570 Where that damn'd wisard hid in sly disguise (For so by certain signs I knew) had met Already, ere my best speed could prevent, The aidless innocent lady his wish't prey; Who gently ask't if he had seen such two,

575 Supposing him some neighbour villager; Longer I durst not stay, but soon I guess't Ye were the two she mean't; with that I sprung Into swift flight, till I had found you here, But further know I not.

Second Brother. O night and shades,

How are ye join'd with hell in triple knot
Against th' unarmed weakness of one virgin
Alone, and helpless! Is this the confidence
You gave me, brother?

Elder Brother. Yes, and keep it still;
Lean on it safely, not a period
Shall be unsaid for me: against the threats
Of malice or of sorcery, or that power
Which erring men call Chance, this I hold firm:
Virtue may be assaild, but never hurt,
Surpris'd by unjust force, but not enthrall’d;
Yea even that which mischief meant most harm,
Shall in the happy trial prove most glory.
But evil on itself shall back recoil,
And mix no more with goodness, when at last
Gather'd like scum, and settl'd to itself

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It shall be in eternal restless change
Self-fed, and self-consumed; if this fail,
The pillar'd firmament is rottenness,
And earth's base built on stubble. But come, let's on.
Against th' opposing will and arm of Heav'n 600
May never this just sword be lifted up;
But for that damn'd magician, let him be girt
With all the grisly legions that troop
Under the sooty flag of Acheron,
Harpies and hydras, or all the monstrous forms 605
'Twixt Africa and Ind, I'll find him out,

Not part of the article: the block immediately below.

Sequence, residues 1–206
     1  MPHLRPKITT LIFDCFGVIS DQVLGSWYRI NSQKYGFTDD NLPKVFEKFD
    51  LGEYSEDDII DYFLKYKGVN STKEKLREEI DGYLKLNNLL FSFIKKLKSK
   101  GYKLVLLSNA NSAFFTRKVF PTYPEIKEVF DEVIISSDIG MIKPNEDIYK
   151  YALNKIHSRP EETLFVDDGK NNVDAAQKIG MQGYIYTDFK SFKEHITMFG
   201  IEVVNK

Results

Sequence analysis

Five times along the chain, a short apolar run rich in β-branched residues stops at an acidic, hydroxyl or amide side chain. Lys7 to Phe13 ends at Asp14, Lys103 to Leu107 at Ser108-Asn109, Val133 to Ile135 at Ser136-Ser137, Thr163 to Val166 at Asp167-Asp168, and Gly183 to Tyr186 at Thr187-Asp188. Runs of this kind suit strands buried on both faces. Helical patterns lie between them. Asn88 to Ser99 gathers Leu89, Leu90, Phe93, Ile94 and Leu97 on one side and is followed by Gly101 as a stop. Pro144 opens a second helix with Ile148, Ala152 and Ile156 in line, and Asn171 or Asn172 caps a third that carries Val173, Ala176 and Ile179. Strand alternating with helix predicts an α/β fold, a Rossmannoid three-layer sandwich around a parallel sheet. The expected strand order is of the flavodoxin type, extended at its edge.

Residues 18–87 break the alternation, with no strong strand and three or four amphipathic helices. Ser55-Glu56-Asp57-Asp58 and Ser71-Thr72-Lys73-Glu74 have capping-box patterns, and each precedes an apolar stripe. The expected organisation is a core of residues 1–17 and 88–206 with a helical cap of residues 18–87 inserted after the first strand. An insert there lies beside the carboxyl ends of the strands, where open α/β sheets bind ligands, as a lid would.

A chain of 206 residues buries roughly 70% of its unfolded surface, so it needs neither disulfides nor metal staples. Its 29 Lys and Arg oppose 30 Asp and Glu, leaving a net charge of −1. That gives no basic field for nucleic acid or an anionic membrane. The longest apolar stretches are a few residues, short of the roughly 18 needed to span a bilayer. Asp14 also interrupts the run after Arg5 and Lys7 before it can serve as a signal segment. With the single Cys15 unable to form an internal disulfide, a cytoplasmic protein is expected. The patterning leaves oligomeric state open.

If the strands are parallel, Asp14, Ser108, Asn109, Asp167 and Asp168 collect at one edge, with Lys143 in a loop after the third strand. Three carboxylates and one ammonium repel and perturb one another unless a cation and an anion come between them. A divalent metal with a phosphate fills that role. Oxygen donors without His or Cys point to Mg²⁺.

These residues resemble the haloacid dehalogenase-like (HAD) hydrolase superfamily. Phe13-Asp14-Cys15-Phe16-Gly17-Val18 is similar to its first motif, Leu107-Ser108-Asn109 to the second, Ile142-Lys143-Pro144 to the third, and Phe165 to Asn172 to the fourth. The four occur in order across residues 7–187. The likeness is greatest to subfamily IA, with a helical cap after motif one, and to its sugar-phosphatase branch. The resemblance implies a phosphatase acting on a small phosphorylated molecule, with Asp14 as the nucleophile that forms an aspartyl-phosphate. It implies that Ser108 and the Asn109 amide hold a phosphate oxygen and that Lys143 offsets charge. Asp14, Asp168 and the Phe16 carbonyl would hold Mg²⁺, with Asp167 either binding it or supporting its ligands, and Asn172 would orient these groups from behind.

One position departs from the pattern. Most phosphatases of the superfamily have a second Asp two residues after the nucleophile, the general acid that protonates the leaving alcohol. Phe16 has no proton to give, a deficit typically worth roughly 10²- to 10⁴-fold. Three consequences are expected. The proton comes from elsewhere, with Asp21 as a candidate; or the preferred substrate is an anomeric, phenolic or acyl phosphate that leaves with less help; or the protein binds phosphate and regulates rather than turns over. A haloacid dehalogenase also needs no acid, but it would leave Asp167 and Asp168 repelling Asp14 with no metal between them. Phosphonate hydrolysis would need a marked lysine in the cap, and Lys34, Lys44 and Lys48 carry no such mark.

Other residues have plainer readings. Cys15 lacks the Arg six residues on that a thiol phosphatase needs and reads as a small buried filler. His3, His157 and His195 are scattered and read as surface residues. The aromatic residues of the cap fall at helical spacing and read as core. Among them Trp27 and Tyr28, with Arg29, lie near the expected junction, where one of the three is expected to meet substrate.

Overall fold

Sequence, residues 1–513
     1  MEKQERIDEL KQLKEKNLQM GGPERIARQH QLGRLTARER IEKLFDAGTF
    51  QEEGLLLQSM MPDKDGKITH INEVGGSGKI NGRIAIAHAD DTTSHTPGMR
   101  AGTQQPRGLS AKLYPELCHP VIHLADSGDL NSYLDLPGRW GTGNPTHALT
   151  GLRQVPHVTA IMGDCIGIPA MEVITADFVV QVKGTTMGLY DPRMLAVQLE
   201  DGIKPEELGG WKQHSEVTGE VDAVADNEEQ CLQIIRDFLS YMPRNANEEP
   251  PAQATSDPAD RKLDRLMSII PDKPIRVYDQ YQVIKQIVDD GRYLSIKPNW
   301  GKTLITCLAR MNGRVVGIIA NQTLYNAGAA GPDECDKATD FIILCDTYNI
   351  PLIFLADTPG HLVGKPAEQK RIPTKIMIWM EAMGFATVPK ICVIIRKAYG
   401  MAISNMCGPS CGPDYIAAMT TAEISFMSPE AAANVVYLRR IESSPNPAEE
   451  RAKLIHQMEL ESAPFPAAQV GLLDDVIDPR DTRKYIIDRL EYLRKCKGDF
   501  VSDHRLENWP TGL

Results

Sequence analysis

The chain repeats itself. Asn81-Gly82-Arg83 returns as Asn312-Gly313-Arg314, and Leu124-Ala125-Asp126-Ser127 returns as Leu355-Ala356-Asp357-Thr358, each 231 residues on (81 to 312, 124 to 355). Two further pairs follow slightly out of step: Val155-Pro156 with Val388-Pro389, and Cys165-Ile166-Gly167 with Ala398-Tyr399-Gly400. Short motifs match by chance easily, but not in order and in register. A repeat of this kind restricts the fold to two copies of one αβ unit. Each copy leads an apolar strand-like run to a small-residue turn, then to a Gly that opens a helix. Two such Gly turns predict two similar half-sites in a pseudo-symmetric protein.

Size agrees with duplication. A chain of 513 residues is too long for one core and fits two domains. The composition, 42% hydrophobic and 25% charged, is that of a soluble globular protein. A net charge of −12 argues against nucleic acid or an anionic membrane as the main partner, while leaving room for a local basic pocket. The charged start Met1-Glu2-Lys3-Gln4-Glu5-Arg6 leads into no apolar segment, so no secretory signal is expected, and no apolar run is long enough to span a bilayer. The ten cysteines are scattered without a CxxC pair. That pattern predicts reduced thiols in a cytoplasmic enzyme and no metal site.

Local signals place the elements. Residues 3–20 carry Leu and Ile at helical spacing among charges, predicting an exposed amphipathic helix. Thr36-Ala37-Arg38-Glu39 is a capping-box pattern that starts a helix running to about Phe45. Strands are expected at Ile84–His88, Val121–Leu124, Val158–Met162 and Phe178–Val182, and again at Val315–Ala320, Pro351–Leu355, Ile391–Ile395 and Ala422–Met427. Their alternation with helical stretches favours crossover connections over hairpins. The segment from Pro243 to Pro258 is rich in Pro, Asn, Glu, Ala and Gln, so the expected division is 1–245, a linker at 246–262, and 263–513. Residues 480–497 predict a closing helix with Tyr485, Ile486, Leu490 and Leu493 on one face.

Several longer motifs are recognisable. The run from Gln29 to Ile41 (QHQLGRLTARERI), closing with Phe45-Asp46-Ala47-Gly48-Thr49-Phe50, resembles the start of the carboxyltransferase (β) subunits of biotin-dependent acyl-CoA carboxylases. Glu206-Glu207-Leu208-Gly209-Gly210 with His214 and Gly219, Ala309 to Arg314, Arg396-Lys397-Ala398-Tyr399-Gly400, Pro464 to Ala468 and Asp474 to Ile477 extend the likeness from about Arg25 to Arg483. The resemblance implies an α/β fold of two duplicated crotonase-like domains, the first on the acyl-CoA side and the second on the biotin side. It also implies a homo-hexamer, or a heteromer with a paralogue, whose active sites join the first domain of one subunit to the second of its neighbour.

And force him to return his purchase back,
Or drag him by the curls, to a foul death,
Curs'd as his life.

Spirit. Alas! good ventrous youth, I love thy courage yet, and bold emprise,

610 But here thy sword can do thee little stead; Far other arms, and other weapons must Be those that quell the might of hellish charms; He with his bare wand can unthread thy joints, And crumble all thy sinews. Elder Brother.

Why prithee, shepherd,

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How durst thou then thyself approach so near

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As to make this relation ?
Spirit.

Care and utmost shifts
How to secure the lady from surprisal,
Brought to my mind a certain shepherd lad
Of small regard to see to, yet well skill'd
In every virtuous plant and healing herb
That spreads her verdant leaf to th’ morning ray;
He lov'd me well, and oft would beg me sing,
Which when I did, he on the tender grass
Would sit, and hearken even to ecstacy;
And in requital ope his leathern scrip,
And show me simples of a thousand names
Telling their strange and vigorous faculties:
Amongst the rest a small unsightly root,
But of divine effect, he culld me out;